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No Benefit of Physical Therapy for Hip Osteoarthritis

Summary and Comment |
May 22, 2014

No Benefit of Physical Therapy for Hip Osteoarthritis

  1. Thomas L. Schwenk, MD

The intervention might have been “too little, too late.”

  1. Thomas L. Schwenk, MD

Some physical therapy (PT) components (i.e., exercise and manual therapy) benefit patients with hip or knee osteoarthritis. In this study, investigators examined the value of a more typical, multimodal PT program in 102 patients (mean age, 64; mean body-mass index, 29 kg/m2) with hip osteoarthritis diagnosed by standardized criteria of pain, radiographic changes, and functional difficulty. Participants were randomized to 10 PT sessions (session duration, 30–60 minutes) during 12 weeks or a sham intervention of inactive ultrasound with an inert gel. PT sessions involved strength, balance, and range-of-motion exercises, deep tissue massage, and home exercise recommendations.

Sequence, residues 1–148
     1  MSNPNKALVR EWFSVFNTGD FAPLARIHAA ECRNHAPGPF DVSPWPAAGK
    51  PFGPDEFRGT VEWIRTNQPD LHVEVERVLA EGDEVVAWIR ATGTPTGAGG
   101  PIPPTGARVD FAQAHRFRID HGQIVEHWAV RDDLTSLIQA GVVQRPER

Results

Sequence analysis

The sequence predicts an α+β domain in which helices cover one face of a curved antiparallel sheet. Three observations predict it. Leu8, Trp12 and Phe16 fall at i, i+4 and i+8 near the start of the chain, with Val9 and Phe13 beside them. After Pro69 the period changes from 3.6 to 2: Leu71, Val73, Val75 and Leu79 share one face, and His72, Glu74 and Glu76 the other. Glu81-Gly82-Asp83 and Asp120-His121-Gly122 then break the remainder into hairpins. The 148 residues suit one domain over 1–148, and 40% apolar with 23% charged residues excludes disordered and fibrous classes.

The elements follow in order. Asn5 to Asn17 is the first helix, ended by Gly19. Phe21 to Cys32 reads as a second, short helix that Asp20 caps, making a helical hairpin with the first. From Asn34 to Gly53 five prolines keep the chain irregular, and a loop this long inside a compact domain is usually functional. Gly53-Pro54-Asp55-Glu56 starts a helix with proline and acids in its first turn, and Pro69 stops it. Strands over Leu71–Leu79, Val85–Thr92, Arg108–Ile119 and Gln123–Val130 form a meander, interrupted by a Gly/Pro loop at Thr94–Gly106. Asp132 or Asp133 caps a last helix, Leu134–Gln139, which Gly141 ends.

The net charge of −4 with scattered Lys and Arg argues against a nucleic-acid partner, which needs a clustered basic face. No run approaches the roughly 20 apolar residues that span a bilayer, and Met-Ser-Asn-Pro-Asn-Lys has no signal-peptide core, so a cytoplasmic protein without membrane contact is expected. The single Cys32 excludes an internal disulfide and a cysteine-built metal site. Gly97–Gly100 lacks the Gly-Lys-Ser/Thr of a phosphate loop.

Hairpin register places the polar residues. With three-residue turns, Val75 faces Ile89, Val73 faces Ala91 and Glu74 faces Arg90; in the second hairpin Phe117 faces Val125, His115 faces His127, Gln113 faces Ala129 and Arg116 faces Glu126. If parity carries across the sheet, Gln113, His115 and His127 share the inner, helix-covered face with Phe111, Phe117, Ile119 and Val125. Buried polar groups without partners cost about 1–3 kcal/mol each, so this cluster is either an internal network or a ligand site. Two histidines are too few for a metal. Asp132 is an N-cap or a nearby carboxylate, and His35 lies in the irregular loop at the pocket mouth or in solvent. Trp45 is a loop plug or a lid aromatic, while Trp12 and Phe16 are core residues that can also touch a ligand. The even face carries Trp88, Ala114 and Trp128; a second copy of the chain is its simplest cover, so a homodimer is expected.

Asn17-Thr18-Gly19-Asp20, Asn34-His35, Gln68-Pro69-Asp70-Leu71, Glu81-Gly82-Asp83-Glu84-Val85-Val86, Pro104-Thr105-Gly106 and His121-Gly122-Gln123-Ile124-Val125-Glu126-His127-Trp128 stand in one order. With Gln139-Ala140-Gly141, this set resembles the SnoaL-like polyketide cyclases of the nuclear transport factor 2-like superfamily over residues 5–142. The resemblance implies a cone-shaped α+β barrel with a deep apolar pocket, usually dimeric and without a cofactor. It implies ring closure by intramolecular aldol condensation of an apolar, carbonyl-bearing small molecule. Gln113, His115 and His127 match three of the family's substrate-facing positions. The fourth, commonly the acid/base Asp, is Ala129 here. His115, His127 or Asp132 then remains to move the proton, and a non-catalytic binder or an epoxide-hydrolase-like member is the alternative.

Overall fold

At 36 weeks, changes in pain and function were not different between the PT and sham groups. On a 100-point visual analog scale, mean pain scores dropped from 59 mm to 44 mm in the PT group and from 58 mm to 39 mm in the sham group. Improvements in physical function were roughly the same in both groups.

Comment

These results are disappointing, but they might simply reflect a program that was not sufficiently intense and came too late in the progression of disease. Also, as prior studies have shown, many of the features of a multimodal physical therapy program add no incremental value to a structured exercise and weight-loss program. Although a recent meta-analysis of 60 studies showed that exercise benefited patients with lower-limb osteoarthritis (NEJM JW Gen Med Oct 24 2013), most of those studies focused on the knee, not the hip.

  • Disclosures for Thomas L. Schwenk, MD at time of publication Editorial boards UpToDate

Citation(s):

Reader Comments (2)

Schainker, M.D. Physician, Rheumatology, Rockville Internal Medicine Group

disappointing result. Perhaps because sham group did so well. ? efficacy of placebo effect.

Benito Minzer Physician, Family Medicine/General Practice, Hospital

Why they Don't try with RPG (global postural repositioning)?

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